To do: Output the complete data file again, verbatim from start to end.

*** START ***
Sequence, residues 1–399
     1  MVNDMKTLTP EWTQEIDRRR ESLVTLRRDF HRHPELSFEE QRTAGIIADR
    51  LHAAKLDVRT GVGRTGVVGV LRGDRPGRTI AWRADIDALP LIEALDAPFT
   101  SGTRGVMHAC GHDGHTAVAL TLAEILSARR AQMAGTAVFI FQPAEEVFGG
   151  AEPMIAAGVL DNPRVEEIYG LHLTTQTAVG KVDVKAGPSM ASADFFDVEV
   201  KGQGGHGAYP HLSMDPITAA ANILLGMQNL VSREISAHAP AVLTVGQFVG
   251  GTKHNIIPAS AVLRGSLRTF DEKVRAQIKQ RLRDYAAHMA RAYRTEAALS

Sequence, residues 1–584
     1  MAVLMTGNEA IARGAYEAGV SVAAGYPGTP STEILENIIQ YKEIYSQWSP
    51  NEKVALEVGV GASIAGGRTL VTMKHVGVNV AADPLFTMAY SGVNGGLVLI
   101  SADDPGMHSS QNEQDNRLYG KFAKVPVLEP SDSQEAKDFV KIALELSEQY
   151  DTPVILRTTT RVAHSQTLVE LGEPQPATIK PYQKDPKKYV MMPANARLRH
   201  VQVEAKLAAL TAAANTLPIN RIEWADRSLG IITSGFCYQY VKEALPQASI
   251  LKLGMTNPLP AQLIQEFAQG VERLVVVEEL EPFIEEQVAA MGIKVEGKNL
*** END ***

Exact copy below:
Sequence, residues 1–399
     1  MVNDMKTLTP EWTQEIDRRR ESLVTLRRDF HRHPELSFEE QRTAGIIADR
    51  LHAAKLDVRT GVGRTGVVGV LRGDRPGRTI AWRADIDALP LIEALDAPFT
   101  SGTRGVMHAC GHDGHTAVAL TLAEILSARR AQMAGTAVFI FQPAEEVFGG
   151  AEPMIAAGVL DNPRVEEIYG LHLTTQTAVG KVDVKAGPSM ASADFFDVEV
   201  KGQGGHGAYP HLSMDPITAA ANILLGMQNL VSREISAHAP AVLTVGQFVG
   251  GTKHNIIPAS AVLRGSLRTF DEKVRAQIKQ RLRDYAAHMA RAYRTEAALS

Sequence, residues 1–584
     1  MAVLMTGNEA IARGAYEAGV SVAAGYPGTP STEILENIIQ YKEIYSQWSP
    51  NEKVALEVGV GASIAGGRTL VTMKHVGVNV AADPLFTMAY SGVNGGLVLI
   101  SADDPGMHSS QNEQDNRLYG KFAKVPVLEP SDSQEAKDFV KIALELSEQY
   151  DTPVILRTTT RVAHSQTLVE LGEPQPATIK PYQKDPKKYV MMPANARLRH
   201  VQVEAKLAAL TAAANTLPIN RIEWADRSLG IITSGFCYQY VKEALPQASI
   251  LKLGMTNPLP AQLIQEFAQG VERLVVVEEL EPFIEEQVAA MGIKVEGKNL